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Online video viewing is set to reach a milestone next year according to eMarketer. Numbers released this week show that half of Americans will watch online video next year.

But there needs to be a categorical shift of viewers online if the web video hopes to make the kinds of revenue that are seen offline.

eMarketer's report,  Video Content: A Premium Opportunity, projects there will be 144 million online video viewers in the U.S. this year, growing to 188 million viewers in 2013. That's 31% growth in the next five years and an estimate that 85% of U.S. Internet users will be online video viewers by 2013.

But the online video business better hope that eMarketer's predictions are off. For starters, the company defines online video viewers as people who download or stream online video at least once a month. For video monetization to really take off, video viewing online has to become a habit, not a hobby.

In addition, if only 59% of the population is watching online video that isn't a big enough mass of viewers to tip ad dollars from TV online.

For starters, eMarketer found that 44% of Americans watched online video in 2008. But according to Nielsen, 99% of all video viewing is still happening in front of television sets. And while the total video ad market brings in $70 billion annualy, online video advertising is still just a drop in the bucket with less than $1 billion in revenues. 

While growing the online video viewing population by 3% every year over the next four years would be progress, a more welcoming scenario would involve a tipping point of mass users that makes the web the defacto platform for viewing video content.

Of course that's harder to predict than a general growth in the sector, but as professional and long form content shifts online, the core audience of television viewers is likely to move online in large groups rather than a slowly shifting trend.

Take for instance what has happened so far. The audience of Americans visiting online video sites has grown 339% since 2003, according to an April report by Nielsen. Time spent on such sites grew nearly 2,000% in the same time period.

Meanwhile, Hulu’s growth has been explosive, up 490% year over year, according to Nielsen Online. Can those numbers keep growing at such high rates? Yes, especially when you consider that the audience on video viewers online is such a smal segment of the total video viewing population.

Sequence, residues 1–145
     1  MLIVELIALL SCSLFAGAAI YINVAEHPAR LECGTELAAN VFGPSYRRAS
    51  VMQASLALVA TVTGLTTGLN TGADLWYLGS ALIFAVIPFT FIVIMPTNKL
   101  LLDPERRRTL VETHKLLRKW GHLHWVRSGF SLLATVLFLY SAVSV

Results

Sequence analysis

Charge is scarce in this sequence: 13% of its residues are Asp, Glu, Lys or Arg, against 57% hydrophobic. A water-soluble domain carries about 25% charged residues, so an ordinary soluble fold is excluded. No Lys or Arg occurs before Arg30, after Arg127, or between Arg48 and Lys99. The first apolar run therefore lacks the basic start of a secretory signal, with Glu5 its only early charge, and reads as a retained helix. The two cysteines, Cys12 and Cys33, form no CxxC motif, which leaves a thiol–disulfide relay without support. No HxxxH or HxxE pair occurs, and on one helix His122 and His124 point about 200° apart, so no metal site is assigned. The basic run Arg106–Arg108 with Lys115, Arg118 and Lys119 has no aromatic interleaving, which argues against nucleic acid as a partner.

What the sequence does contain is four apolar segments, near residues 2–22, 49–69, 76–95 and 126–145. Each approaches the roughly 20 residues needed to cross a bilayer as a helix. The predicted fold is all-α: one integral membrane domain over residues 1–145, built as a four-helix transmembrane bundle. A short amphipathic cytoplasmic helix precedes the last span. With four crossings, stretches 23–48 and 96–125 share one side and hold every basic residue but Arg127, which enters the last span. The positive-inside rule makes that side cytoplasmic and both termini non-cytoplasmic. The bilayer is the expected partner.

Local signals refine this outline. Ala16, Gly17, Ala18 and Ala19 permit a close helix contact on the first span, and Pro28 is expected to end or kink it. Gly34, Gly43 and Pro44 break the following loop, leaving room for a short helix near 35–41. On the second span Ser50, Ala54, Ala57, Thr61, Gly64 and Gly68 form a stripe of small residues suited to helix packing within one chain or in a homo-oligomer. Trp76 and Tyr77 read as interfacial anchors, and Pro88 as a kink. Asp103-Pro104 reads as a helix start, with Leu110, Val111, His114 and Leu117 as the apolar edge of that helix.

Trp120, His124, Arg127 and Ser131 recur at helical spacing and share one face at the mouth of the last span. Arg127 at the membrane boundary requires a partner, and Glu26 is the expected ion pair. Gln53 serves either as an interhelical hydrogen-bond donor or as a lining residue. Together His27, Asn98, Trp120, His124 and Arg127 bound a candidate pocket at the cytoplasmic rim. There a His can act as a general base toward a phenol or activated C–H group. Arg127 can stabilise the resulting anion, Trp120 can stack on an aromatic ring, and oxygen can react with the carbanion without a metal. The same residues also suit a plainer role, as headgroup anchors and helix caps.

It's large seismic changes, not a gradual trickling of viewers online, that will prove online video as a revenue source online. If the recent example of a site like Hulu is any predictor, the shift of premium content online will have more to do with changing audience preferences than simply word of mouth or slowly growing interest in the online arena. When the content is there and the viewing experience gets as seamless as television viewing, viewers will come. But we can't know when or if that will happen until deals for additional content access are made in the online space.

Meghan Keane

Published 4 August, 2009 by Meghan Keane

Based in New York, Meghan Keane is US Editor of Econsultancy. You can follow her on Twitter: @keanesian.

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Ambarish Mitra

Before Microsoft took over Yahoo search, Youtube was worlds second most popular search engine. Online video is becoming vital communication channel. Most TV channels have realised that and introduced free tv on demand programmes online.

BBC iplayer has had a phenomenal success.

Now Netflix will be showing popular tv programmes like lost and soon all video content will move to smartphones.

Bandwidth improvements is definitely encouraging this shift.

about 7 years ago

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